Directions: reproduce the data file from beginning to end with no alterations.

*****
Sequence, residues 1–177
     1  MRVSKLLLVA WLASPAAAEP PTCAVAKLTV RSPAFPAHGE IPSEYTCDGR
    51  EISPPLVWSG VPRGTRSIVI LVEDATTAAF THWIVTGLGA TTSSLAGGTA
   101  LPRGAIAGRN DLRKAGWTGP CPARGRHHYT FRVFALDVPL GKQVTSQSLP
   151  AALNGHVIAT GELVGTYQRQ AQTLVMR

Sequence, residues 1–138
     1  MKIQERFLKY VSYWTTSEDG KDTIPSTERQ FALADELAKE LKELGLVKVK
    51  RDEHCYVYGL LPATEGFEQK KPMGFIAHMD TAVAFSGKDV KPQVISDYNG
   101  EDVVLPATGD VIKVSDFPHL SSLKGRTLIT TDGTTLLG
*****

Sequence, residues 1–177
     1  MRVSKLLLVA WLASPAAAEP PTCAVAKLTV RSPAFPAHGE IPSEYTCDGR
    51  EISPPLVWSG VPRGTRSIVI LVEDATTAAF THWIVTGLGA TTSSLAGGTA
   101  LPRGAIAGRN DLRKAGWTGP CPARGRHHYT FRVFALDVPL GKQVTSQSLP
   151  AALNGHVIAT GELVGTYQRQ AQTLVMR

Sequence, residues 1–138
     1  MKIQERFLKY VSYWTTSEDG KDTIPSTERQ FALADELAKE LKELGLVKVK
    51  RDEHCYVYGL LPATEGFEQK KPMGFIAHMD TAVAFSGKDV KPQVISDYNG
   101  EDVVLPATGD VIKVSDFPHL SSLKGRTLIT TDGTTLLG